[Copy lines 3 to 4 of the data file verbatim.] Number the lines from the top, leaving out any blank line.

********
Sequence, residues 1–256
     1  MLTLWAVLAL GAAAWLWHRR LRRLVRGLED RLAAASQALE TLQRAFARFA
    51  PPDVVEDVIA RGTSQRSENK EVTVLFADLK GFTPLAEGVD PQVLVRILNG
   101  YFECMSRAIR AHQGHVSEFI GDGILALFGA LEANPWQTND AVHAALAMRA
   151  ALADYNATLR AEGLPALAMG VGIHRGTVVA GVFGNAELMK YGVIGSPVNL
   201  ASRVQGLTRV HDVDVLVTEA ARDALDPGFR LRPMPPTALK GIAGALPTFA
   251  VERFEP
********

    51  PPDVVEDVIA RGTSQRSENK EVTVLFADLK GFTPLAEGVD PQVLVRILNG
   101  YFECMSRAIR AHQGHVSEFI GDGILALFGA LEANPWQTND AVHAALAMRA